Thursday, February 06, 2003

No rally to Powell's evidence at U.N.
"British Foreign Secretary Jack Straw compared the current U.N. approach to Iraq to the inactivity of world powers between the wars that led to the rise of Hitler and World War II. Straw said the United Nations' predecessor, the League of Nations, "had the same high ideals as the U.N." but failed to take action. As a result, "small evils went unchecked, tyrants were emboldened, then greater evils were unleashed. At each stage, good men said wait; the evil is not big enough to challenge," Straw went on. "Then before our eyes the evil became too big to challenge. ... We owe it to our history as well as to our future not to make the same mistake again."

It is ridiculous to compare Saddam Hussein and Iraq - a ruined, disarmed and impoverished country which poses no real threat to any of its neighbours, much less to the United States - to Hitler and Nazi Germany. The statement fits far more closely if the United States itself is in the dock. As John Pilger has said, Tony Blair and his government are presiding over the worst case of appeasement since the 1930s - and that is appeasing the aggressive, unilateral warmongering of the Bush Administration, the Third Reich of our time. The credibility of the United Nations is directly on the line in this historic crisis - whether it will live up to its charter and purpose and take a stand against aggressive war, or whether it will fail, stand aside, and watch helplessly as war, violence and catastrophe gathers pace.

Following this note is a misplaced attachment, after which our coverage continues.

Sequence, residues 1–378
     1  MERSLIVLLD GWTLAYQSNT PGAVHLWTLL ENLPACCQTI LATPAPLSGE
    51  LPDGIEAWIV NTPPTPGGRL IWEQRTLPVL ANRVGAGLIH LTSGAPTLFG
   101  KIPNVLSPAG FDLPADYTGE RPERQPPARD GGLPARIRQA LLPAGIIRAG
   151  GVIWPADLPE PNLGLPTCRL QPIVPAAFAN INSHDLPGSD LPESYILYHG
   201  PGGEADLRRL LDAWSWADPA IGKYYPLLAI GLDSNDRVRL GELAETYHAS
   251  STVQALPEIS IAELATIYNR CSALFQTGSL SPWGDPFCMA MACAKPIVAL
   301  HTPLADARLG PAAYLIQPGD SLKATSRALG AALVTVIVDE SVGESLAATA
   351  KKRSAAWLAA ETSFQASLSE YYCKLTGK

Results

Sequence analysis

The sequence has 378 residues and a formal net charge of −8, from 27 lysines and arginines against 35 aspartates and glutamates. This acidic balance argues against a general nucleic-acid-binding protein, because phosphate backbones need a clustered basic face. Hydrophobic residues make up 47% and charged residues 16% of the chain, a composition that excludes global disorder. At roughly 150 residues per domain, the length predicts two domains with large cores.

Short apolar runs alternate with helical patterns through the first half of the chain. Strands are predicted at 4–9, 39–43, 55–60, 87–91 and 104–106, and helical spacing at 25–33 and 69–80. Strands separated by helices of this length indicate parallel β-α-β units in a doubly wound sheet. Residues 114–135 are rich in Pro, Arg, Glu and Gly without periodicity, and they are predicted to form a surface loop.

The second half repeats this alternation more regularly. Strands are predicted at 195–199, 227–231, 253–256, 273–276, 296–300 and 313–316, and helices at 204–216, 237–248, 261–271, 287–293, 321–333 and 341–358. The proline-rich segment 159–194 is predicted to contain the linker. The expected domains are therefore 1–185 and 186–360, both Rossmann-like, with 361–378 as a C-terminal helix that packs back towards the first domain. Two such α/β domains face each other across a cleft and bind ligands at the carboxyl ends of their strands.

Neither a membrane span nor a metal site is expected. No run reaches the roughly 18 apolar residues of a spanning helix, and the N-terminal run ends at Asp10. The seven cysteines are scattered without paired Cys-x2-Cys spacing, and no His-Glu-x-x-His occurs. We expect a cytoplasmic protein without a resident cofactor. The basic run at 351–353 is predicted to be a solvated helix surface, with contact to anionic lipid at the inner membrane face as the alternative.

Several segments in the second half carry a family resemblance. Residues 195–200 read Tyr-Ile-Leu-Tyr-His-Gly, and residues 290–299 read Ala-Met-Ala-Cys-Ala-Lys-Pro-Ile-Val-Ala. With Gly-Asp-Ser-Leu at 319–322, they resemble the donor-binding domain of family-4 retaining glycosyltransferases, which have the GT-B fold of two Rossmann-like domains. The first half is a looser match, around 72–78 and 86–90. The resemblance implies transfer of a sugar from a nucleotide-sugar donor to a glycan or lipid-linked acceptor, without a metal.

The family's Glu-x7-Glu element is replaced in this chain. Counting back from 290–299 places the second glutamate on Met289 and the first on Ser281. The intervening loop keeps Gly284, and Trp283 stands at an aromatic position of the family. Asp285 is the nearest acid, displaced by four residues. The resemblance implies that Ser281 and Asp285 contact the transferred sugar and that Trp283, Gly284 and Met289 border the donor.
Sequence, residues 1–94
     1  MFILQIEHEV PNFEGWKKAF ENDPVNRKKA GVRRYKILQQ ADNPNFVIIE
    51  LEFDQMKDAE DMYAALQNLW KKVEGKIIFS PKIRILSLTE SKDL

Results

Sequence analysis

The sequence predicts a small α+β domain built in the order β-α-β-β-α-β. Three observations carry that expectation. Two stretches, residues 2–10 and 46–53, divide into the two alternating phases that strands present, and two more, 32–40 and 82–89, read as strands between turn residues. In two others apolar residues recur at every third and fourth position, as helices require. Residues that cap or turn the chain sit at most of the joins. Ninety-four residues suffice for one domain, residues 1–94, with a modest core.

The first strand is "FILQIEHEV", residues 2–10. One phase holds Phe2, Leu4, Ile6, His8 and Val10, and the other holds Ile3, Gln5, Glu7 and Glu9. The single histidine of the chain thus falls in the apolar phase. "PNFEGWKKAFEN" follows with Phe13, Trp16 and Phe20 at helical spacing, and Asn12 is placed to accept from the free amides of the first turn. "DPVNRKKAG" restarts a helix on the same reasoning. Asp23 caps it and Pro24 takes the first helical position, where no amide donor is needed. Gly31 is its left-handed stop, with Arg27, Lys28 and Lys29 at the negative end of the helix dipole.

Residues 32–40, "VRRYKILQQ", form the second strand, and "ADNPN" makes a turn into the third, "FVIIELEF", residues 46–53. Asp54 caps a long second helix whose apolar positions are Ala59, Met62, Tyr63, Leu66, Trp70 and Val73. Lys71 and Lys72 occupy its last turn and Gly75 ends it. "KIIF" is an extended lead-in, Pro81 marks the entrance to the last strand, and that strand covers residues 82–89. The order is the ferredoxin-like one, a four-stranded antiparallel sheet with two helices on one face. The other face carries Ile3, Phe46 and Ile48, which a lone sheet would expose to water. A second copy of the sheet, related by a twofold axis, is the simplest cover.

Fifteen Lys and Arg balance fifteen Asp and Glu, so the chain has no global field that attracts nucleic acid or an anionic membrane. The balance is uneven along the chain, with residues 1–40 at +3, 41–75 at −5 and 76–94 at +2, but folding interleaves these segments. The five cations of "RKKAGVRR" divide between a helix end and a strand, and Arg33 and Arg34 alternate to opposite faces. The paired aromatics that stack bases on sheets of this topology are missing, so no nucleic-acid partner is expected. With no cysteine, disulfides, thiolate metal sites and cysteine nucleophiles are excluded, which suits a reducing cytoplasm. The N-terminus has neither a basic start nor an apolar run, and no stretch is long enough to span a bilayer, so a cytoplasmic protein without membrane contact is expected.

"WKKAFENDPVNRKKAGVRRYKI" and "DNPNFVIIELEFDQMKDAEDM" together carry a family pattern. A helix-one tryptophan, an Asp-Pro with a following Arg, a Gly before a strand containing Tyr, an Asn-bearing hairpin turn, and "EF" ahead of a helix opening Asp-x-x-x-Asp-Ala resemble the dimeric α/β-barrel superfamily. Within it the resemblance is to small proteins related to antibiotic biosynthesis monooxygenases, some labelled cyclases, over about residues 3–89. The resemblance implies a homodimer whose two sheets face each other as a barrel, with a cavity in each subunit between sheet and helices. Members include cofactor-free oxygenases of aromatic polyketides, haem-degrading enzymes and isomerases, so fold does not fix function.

"The French foreign minister proposed doubling or tripling the number of inspectors, opening more regional offices, and setting up a clearing house of intelligence information to make it available to the inspectors in real time. He also suggested appointing a permanent U.N. coordinator for disarmament in Iraq, stationed in Baghdad and working under the authority of Hans Blix, the U.N. head of the inspection process."

It has fallen to France to lead the world in opposing US aggression. Unfortunately, most commentators believe that in the end France and the Security Council will buckle under to US pressure, as they have always done in the past.

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